Exploring the underbelly of Hollywood with tracks inspired by leftfield 80s pop and smooth 90s downtempo music
Los Angeles – and specifically a psychogeographical Los Angeles of empty mansions, deserted cerulean swimming pools and highways that wind endlessly – is the landscape that has inspired the bittersweet orchestral paeans of Nicholas Krgovich’s ‘On Sunset’. Krgovich has created a very subtle and subliminal audio environment with this album and its subject matter. The gorgeous, glittering artifice of a city built on fame and its ultimately hollow and melancholy payoff is not only evocative, it is profound in its pastel-hued pathos.
The obvious reference points for ‘On Sunset’ are 80s outfits like Prefab Spout, Scritti Politti and The Blue Nile. We’re talking sugar-coated experimentalism and highbrow pop. It’s also somewhat reminiscent of Sweetback, the late 90s downtempo house and funk project of Sade’s backing band. There are times, such as the brilliant but derivative lead single, ‘Along The PCH On Oscar Night’, where you feel that Krgovich has carefully studied Paddy McAloon’s formula for erudite refrains and cinematic tones, and pretty much reproduced it note for note.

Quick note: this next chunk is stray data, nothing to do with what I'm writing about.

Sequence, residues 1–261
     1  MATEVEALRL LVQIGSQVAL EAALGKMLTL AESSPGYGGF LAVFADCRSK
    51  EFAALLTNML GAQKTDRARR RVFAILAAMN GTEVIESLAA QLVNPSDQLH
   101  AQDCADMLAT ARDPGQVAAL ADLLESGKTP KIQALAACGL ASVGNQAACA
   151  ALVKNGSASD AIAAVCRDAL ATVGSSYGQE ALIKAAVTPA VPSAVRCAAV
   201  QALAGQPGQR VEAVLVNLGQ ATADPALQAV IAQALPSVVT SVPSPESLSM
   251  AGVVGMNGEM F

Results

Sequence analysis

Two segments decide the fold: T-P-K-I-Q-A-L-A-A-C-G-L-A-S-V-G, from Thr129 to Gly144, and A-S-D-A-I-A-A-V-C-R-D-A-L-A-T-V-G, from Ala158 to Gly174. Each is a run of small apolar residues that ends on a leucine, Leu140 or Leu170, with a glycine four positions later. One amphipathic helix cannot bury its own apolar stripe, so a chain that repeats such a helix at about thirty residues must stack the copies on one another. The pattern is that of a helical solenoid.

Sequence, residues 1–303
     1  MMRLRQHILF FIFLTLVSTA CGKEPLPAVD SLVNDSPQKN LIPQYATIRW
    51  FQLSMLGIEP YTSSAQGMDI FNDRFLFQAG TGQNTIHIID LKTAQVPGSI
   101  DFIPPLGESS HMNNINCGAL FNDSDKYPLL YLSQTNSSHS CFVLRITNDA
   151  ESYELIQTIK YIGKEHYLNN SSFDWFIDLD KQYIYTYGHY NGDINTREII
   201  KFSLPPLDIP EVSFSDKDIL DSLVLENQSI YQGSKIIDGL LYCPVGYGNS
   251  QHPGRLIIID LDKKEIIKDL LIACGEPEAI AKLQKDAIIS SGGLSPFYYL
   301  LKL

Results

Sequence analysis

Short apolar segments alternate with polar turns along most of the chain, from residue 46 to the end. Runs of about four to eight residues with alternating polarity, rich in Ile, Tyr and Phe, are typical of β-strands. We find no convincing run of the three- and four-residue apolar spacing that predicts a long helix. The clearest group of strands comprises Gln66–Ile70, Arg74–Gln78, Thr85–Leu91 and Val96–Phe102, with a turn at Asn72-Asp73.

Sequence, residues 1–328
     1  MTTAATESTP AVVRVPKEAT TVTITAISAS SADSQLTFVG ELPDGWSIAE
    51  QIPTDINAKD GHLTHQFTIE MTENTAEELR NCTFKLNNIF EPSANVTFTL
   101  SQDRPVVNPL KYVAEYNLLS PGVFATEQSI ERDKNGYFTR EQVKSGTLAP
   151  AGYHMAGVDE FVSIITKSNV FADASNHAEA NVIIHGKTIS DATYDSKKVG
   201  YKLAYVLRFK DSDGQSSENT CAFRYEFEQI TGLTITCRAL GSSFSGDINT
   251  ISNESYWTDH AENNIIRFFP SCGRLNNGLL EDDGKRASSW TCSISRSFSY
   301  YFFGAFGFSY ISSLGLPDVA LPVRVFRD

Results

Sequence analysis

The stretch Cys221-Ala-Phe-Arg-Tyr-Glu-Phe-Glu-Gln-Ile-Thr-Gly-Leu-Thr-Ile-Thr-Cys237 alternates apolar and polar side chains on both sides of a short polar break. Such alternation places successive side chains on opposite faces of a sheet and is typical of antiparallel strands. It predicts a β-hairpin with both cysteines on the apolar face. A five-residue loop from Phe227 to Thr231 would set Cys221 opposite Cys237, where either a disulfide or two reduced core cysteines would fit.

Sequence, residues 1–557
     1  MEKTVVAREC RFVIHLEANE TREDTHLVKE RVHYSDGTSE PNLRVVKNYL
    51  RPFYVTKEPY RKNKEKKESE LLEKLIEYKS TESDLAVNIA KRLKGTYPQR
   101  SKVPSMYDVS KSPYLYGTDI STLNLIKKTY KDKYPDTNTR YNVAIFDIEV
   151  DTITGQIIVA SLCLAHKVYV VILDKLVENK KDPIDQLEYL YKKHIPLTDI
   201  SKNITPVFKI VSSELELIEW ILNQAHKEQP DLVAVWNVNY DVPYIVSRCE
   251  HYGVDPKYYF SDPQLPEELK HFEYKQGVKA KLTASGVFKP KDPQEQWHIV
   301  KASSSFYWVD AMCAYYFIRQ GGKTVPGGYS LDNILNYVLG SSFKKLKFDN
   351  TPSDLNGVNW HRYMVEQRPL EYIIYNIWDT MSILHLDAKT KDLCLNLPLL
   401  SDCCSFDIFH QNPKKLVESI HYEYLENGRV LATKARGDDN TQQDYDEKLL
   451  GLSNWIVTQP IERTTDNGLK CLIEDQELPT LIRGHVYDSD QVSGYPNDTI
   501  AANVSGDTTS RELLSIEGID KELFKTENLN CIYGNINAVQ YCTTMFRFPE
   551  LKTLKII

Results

In Krgovich’s defence, his is not an obvious form of 1980s revivalism. During the wholesale pillage of that decade’s music that’s been going on in recent years, the focus has largely been on brisk, angular, post punk guitar music – Gang Of Four et al – and primary colour electro influences. Not so many have attempted to resurrect the literate postmodernism of the highly intelligent and deliciously avant garde pop of the era. On balance, then, perhaps Krgovich is to be commended for unearthing some treasures and taking inspiration from less likely sources.
I would imagine part of the reason for this is the sheer musicality and the nuance needed to reproduce both the pristine veneer and the intricate melodics, harmonics and orchestrations. Despite sounding effortless – like languid ripples in places – Krgovich’s music has a modern classical complexity and suggests a knowledge of oblique, diminished, unexpected chord changes and atonality. You’ve got to know the rules before you break them. That said, I don’t think Krgovich’s songwriting is a strong as that of McAloon or Green Gartside and his melodics are softer and less emphatic. Ambient and downtempo have certainly also had an influence here.
‘Along The PCH On Oscar Night’ is definitely the strongest track and the one that’s going to be most popular with the downloaders. ‘Rock’s Dream’ also sounds rather luxurious, though, the melody gliding smoothly on strings and piano into the ether. Don’t be afraid to go with it.